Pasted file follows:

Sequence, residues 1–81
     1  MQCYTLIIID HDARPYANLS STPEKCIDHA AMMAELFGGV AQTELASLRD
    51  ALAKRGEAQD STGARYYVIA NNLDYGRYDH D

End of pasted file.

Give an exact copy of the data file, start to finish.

Sequence, residues 1–81
     1  MQCYTLIIID HDARPYANLS STPEKCIDHA AMMAELFGGV AQTELASLRD
    51  ALAKRGEAQD STGARYYVIA NNLDYGRYDH D